I'd skirted the law when I was 15 to get my first job. (You're not legally allowed to work in the States until you're 16.) I'd paid, ultimately, for my own musical instruments, sometimes working dirty and even dangerous jobs so that was possible. I didn't ask for help. And yet here I was having to do it.

The circumstances that led me to this are probably best left as a story for another time. But I had reached the point where if I didn't fight for some kind of relief, I would make it permanent. One night I sat with a sharp piece of my father's bones, which had somehow survived his cremation. While divvying up his ashes in summer, I took it for myself. Here I was in winter, maybe six months later, and was about to slice my wrists with it. And then I thought, there's one more thing I hadn't tried- asking for help. It was not an appealing thought, but it kept me alive. Meanwhile, the bone was still mine, and if it failed, I could always come right back to this and finish the job.

Nonetheless, I couldn't escape feeling really lousy about myself- weak, without any qualifiers. I couldn't make it on my own and it was my fault. It had to be, there was no other reality.

And then, one night, to bring us back to the song that started these words off, I had a dream. It was a flying dream, or should have been. I'd had them before. Your body becomes airborne, you can rise into the air and fly where you like. I kept trying to take off, and every time doubt crept in, I fell. And after a somewhat visible start, I simply couldn't do it anymore. And I blamed myself, I was angry at myself. And then suddenly, this song was everywhere, coming in on one line in particular. I thought about my spina bifida, as though from the outside, and all my head troubles. And it came through: you've been trying all along, but you couldn't have helped these things. They are not your fault. Forgive yourself, you did nothing wrong. And the line in the song was, "I tried so hard to stand, as I stumbled and fell to the ground". And there wasn't a drop of falsehood I could discern in what was coming through to me. I couldn't argue with it, it felt undeniably true. It said, Look! Take a good look! These are things you did not choose. These are things you could never be at fault for. You cannot be to blame for this. Accept that. It's true.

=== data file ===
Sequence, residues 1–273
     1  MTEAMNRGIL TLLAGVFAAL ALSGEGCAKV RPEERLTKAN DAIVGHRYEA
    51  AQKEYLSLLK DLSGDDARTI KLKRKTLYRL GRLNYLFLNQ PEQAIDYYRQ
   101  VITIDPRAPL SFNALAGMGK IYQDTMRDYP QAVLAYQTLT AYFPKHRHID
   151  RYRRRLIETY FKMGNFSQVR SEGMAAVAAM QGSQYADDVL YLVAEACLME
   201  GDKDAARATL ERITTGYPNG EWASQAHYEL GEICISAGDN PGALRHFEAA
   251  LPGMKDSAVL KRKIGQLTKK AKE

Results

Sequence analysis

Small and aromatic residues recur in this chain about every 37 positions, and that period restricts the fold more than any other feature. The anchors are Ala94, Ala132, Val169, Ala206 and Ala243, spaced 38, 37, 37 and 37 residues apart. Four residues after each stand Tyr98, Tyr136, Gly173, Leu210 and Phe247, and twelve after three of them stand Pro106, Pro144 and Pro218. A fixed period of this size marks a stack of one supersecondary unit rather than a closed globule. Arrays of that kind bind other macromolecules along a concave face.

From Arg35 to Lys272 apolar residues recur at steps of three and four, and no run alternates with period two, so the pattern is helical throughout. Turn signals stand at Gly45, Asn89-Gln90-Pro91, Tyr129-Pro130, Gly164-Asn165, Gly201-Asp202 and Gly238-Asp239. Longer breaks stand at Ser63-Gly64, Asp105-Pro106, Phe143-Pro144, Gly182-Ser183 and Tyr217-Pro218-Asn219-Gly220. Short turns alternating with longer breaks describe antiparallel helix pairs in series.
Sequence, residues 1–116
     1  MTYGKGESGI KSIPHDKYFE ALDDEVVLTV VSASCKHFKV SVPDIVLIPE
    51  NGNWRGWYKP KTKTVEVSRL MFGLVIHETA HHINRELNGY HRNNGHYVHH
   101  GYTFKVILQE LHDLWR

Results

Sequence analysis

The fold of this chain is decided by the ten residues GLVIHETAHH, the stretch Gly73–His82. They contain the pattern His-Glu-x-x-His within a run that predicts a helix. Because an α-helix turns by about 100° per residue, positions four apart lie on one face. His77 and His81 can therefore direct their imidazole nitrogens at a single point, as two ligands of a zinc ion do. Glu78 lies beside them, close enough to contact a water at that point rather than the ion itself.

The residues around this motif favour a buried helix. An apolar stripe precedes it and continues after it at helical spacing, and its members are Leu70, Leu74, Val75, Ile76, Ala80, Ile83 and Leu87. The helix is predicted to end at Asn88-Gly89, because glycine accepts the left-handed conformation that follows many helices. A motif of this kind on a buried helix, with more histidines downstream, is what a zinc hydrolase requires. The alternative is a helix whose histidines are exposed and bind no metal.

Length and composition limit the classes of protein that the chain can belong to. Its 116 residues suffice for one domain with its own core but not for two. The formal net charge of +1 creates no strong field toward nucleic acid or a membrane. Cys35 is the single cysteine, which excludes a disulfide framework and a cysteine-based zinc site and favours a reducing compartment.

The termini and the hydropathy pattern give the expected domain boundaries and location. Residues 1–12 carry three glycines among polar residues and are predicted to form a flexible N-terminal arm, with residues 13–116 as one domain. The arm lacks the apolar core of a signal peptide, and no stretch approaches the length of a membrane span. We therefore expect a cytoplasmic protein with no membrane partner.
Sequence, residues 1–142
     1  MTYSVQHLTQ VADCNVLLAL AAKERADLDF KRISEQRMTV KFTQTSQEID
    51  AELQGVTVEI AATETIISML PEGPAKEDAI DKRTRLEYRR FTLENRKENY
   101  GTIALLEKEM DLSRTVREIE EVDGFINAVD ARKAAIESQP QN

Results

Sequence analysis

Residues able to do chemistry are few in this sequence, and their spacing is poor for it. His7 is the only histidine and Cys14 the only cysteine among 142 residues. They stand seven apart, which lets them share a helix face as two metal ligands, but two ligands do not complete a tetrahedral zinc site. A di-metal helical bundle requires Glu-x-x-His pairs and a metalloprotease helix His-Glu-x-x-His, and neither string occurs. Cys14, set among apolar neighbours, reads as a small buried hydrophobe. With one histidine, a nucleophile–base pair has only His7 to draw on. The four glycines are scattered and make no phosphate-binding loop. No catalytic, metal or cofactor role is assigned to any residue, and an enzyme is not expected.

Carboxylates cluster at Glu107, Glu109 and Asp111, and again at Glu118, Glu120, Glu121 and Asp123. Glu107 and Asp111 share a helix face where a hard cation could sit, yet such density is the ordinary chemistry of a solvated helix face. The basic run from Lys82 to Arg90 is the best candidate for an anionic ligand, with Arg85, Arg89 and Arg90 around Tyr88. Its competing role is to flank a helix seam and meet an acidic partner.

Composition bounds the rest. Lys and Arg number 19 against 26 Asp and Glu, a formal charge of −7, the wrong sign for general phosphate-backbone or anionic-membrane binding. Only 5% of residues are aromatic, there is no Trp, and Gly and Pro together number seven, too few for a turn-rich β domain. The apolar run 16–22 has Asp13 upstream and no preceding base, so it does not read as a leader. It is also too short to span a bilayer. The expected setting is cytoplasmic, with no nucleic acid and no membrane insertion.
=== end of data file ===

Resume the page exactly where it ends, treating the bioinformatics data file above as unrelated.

This is something I'd never wanted to see, because of its negative side. I'd run from it because I'd never wanted to take the easy way out. "I couldn't help it". Because then, I'd be defined by it, "the poor little handicapped boy", and I couldn't stand that. Can't do it? I'l fucking show you what I can do. So I shoved that all into the background until I could no longer recognize any validity to it, I would not allow it. And yet it was still real and it was still true. And I suddenly knew it was all right to forgive myself for not having done better, I really did have some seriously heavy shit to deal with that others did not. Even typing this now, I find the idea hard to accomodate. But in that dream, it was undeniable and real. It comforted me as only a truth you cannot face consciously can do, when suddenly it comes and insists you see it. I felt a lot better in my sleep. I woke up with tears on my face and the feeling was still there. It wasn't all my fault. It was a relief I deserved to feel. It was OK.